Hanging fenders is something we all have to do, but new sailors might be wondering about the correct way to accomplish this common task. So, for them, we have created a simple straight-forward video that shows exactly what to do. In this tutorial we demonstrate the knots recommended for adhering fenders and the correct areas for placement. More seasoned sailors can use this video to send to beginner crew thereby getting them involved with a basic but necessary job.
Sailing in Key West after the Hurricane
A Perspective By Bob Solliday, USCG Captain and ASA Instructor
Many have heard the tales of destruction that hurricane Irma left in her wake. The worst of the damage occurred in the middle keys near Marathon and Isla Morada where the eye of the storm hit. The deaths, the flooding, and the wind damage were unbelievable. And the storm surge seemed to obliterate everything in its path. Homes and businesses were destroyed, boats and marinas wiped out, and, in some cases, entire keys defoliated.
Key West got hit hard, but it did not get the worst of it. Certainly, homes were damaged and the roads covered with debris, but thanks to a lot of hard work Duval Street was functioning and open for business at the end of October. Many of the boats on weak moorings were lost and can be seen aground in the mangroves or up in the shallow areas. But most of the boats in the marinas survived, and the fishing boats, SCUBA boats, and sunset boats are open for business.
Kimber Tracy, the owner of Key West Sailing Academy (keywestsailingacademy.com), had booked a 103, 104, and 114 combined private course for two weeks after the hurricane and that definitely was not going to work. The school boats which had been tied securely in the Key West Harbour Marina had some minor damage to repair, but the entire Key West area was not ready for tourists. She rescheduled the couple for the end of October and I flew down to teach them.
The American Sailing Association has been partners with Hands Across the Sea for many years. Hands Across the Sea is dedicated to raising the literacy levels of Eastern Caribbean children. Every year we host a Caribbean Getaway Sweepstakes to help raise money, and awareness, for this good cause. Last year ASA members helped raise over $44,464!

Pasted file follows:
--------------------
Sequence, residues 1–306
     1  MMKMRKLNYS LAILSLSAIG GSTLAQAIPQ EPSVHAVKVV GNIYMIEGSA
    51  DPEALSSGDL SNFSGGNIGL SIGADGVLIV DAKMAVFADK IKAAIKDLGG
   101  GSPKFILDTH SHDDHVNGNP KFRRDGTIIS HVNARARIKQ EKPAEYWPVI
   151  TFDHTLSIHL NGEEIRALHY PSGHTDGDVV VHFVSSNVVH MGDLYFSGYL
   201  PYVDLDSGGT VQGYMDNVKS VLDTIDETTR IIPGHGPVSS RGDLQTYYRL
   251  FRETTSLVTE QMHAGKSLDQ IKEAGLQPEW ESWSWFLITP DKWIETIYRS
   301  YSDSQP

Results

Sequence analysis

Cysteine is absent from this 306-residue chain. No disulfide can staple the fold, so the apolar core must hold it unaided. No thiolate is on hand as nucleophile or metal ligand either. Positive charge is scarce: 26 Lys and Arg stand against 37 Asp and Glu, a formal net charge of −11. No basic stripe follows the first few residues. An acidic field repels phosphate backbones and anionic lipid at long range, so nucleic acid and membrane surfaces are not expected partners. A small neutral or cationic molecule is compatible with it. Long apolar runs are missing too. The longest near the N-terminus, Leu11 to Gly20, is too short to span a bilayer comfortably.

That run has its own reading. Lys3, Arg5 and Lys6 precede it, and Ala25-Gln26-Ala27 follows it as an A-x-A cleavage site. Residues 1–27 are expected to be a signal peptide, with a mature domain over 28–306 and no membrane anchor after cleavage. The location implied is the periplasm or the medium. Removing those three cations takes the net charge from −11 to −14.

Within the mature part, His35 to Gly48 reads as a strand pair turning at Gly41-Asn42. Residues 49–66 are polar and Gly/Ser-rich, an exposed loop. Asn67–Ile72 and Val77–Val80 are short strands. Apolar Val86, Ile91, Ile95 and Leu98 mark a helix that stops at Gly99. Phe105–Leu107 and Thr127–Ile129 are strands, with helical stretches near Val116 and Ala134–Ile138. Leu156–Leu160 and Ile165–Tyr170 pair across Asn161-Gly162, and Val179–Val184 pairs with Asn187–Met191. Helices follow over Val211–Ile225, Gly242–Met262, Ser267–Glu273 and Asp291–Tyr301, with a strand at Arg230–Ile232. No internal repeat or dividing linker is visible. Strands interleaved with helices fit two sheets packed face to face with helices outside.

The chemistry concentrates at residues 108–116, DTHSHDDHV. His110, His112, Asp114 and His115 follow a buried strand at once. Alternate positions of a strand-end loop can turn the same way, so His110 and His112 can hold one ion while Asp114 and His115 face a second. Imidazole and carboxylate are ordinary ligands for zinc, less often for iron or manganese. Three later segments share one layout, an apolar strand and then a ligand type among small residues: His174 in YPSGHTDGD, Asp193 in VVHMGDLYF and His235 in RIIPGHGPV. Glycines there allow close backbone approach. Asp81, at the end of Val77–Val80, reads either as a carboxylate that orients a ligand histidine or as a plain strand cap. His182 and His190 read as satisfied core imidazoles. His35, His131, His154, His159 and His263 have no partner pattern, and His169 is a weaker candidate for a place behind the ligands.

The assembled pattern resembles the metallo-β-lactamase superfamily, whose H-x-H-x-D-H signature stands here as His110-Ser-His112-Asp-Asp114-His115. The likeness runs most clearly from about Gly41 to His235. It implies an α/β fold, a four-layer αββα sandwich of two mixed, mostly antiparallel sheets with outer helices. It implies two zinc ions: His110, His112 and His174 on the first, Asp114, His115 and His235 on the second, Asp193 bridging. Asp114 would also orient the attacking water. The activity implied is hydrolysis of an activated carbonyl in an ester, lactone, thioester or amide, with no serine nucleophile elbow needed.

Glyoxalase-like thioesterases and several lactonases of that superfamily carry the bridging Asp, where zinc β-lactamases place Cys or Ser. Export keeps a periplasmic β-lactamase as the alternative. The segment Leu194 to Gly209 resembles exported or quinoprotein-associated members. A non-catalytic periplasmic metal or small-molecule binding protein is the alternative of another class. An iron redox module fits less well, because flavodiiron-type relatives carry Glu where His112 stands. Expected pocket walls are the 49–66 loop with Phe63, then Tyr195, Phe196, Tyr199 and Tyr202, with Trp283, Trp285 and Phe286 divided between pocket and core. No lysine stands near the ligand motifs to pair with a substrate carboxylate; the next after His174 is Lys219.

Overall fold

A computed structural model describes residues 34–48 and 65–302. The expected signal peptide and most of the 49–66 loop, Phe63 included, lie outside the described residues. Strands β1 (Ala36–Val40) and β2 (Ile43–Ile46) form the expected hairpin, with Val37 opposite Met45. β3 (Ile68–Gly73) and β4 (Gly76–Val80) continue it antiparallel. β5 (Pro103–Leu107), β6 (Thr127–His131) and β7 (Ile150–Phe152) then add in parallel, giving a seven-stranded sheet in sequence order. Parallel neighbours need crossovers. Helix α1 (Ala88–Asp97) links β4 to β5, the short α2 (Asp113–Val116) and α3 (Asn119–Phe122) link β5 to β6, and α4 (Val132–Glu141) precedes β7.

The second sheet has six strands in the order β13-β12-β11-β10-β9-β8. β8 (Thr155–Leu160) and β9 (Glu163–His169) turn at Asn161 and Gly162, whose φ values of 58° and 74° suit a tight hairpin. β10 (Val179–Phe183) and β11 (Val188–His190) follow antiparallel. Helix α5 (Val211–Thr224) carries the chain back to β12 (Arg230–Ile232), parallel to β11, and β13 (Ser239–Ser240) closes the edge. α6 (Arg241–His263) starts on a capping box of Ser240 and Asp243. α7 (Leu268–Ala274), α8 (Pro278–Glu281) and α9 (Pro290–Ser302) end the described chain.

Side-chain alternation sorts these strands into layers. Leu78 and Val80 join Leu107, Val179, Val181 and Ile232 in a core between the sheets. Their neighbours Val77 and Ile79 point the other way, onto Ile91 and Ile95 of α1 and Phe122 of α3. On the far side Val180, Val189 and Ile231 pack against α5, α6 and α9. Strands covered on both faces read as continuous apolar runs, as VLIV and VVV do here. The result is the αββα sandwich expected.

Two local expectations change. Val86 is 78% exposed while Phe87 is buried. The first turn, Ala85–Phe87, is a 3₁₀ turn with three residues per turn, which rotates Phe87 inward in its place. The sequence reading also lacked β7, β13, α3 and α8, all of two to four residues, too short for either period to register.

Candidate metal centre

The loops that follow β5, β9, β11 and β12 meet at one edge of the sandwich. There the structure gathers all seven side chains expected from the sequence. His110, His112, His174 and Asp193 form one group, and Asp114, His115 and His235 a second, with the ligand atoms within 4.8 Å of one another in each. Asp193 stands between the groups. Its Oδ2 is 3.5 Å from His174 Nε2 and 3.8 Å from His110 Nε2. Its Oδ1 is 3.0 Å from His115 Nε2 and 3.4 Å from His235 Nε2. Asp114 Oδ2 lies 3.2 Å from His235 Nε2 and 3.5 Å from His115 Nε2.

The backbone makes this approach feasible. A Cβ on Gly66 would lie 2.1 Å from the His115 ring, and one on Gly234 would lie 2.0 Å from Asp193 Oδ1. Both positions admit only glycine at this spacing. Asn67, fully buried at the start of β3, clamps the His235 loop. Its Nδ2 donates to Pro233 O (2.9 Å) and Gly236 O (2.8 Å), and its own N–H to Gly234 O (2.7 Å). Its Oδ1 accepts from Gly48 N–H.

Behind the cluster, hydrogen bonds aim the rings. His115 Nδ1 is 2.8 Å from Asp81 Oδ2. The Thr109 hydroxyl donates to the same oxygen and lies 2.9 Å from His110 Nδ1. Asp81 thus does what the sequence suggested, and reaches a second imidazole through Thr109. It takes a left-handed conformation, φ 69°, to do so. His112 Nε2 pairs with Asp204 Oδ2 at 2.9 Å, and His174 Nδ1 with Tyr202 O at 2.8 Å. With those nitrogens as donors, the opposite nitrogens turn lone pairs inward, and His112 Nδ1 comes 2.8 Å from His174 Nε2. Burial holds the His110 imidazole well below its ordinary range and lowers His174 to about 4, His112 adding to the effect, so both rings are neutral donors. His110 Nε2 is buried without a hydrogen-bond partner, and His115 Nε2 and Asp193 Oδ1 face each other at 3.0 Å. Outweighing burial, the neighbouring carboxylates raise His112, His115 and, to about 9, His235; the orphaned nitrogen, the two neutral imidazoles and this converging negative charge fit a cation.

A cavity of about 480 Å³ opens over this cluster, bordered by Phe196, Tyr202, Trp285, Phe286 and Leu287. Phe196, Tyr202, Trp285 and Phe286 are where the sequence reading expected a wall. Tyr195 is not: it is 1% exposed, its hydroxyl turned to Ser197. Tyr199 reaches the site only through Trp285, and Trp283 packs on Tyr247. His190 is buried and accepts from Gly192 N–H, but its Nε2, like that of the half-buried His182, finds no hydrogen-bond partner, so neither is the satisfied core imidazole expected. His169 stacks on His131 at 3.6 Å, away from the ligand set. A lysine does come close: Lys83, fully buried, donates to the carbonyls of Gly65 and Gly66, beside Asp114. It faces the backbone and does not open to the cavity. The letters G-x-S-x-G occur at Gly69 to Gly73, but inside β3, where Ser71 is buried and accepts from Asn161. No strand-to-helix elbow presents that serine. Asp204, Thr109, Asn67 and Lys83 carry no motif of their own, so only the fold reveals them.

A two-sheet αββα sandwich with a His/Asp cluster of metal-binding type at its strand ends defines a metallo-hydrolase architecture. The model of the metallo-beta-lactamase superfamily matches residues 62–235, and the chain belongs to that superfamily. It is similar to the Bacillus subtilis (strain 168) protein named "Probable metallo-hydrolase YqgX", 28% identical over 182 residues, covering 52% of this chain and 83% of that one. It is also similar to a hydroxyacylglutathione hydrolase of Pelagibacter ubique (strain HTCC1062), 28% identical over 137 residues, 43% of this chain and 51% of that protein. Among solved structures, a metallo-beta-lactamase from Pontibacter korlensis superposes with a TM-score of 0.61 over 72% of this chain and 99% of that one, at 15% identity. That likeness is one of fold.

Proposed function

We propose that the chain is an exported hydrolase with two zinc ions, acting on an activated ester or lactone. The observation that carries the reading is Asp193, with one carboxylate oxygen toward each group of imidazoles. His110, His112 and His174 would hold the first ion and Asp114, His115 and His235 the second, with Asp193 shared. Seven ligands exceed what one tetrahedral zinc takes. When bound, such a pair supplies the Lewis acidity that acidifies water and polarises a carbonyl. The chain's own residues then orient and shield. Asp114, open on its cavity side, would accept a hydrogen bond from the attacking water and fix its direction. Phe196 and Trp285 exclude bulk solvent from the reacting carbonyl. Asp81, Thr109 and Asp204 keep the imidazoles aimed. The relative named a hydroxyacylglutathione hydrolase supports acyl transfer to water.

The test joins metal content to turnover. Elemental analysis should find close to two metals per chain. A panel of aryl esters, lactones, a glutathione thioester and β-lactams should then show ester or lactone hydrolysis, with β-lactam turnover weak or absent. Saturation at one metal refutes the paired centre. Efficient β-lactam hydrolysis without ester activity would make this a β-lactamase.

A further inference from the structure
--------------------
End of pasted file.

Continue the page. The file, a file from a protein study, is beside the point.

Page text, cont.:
Navigation is the heart of sailing but not everyone is up to speed. Here’s a fun little navigation quiz to get a feeling for where you are.
Beyond sailing, the American Sailing Association is most committed to issues revolving around protecting the oceans and waterways that we so passionately care about. To that end, ASA keeps a close eye on and in some cases partners with organizations that share that same concern. One of those is Sailors for the Sea (sailorsforthesea.org) whose proclaimed mission statement is: “Engaging, educating, inspiring, and activating the boating community to protect the waters we all love to recreate on.”
In the years between 2008 and 2010 the sailing world and beyond saw a wave of very young sailors embarking upon monstrous undertakings that would give pause to the most seasoned mariners. California sailor Zac Sunderland circled the globe alone in his Islander 36 becoming the first person under 18 to accomplish the journey. His sister Abby attempted to be the youngest unassisted non-stop but dismasted in the Indian Ocean. Months later, Aussie Jessica Watson became the holder of that honor and in August of 2009 British sailor Mike Perham would circle the globe and become the youngest solo round-the-world sailor. All of these young adventurers were between 16 and 17 and their actions stirred enormous controversy, but when in that same year 14-year old Laura Dekker from the Netherlands announced that she planned on sailing around the world alone in her 38’ Jeanneau ketch, Guppy, people lost their minds.
ASA’s founder Lenny Shabes was just elected to be on the board of directors of Sail America, the renowned trade association for the U.S. sailing industry. The BoD is made up of eleven influential stakeholders from all corners of the sailing world including Kimo Worthington of North Sails, Chris Doscher of Beneteau America and other major players from sailing’s prominent companies and organizations.
By Peter Isler
© 2018 Isler Sailing International
In my life as a professional sailor, I log thousands of miles a year under sail and spend many days and nights afloat. But it’s all about racing – I (almost) never go “cruising”. Sure, like any sailor, I dream of heading off into the sunset (say a South Pacific sunset) with my loved ones on a beautiful wooden schooner – cast off the ties of civilization and all that good stuff. But half of my “day job” is probably pretty similar to yours – stuck behind my laptop and tethered to my cell phone – and the other half requires getting on an airplane and flying to some beautiful place to sail on some incredible boats – with some of the best racing sailors in the world. Ah, the good old treadmill.
When we were considering the next boat to spotlight in the Cruising Boat Spotlight series we thought we should do a Nautor’s Swan because they are so iconic, attractive, well-made and the dream of many a sailor. As we discussed which model should be the choice for the article, we realized that with Swan, it’s not really about a particular model; it’s the fact that it’s a Swan. These boats aren’t like Catalina’s, where you automatically think of the 27, 30 or 42; or Columbia’s, where the 50 or 26 spring to mind. Swans are more like Mercedes Benz. It’s the brand over the model – if you drive a Benz, it’s understood you have at least a certain standard of excellence going on… the same is true of a Swan owner.
Ah yes, the dawn of a new year. The slate is sparkling clean – you can now be the person you always wanted to be. Shake the Etch a Sketch and start anew. With the introduction in place, here are 5 New Years resolutions for the sailing breed. Feel free to add your own in the comments section below.